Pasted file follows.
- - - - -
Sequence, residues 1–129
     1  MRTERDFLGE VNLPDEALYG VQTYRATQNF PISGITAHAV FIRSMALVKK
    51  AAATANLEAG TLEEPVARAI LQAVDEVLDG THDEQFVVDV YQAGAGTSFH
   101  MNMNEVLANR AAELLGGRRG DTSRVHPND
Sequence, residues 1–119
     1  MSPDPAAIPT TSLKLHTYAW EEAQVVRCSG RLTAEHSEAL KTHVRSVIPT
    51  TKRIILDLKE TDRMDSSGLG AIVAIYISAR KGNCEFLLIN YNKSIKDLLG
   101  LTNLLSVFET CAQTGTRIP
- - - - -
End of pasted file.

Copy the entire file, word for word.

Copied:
Sequence, residues 1–129
     1  MRTERDFLGE VNLPDEALYG VQTYRATQNF PISGITAHAV FIRSMALVKK
    51  AAATANLEAG TLEEPVARAI LQAVDEVLDG THDEQFVVDV YQAGAGTSFH
   101  MNMNEVLANR AAELLGGRRG DTSRVHPND
Sequence, residues 1–119
     1  MSPDPAAIPT TSLKLHTYAW EEAQVVRCSG RLTAEHSEAL KTHVRSVIPT
    51  TKRIILDLKE TDRMDSSGLG AIVAIYISAR KGNCEFLLIN YNKSIKDLLG
   101  LTNLLSVFET CAQTGTRIP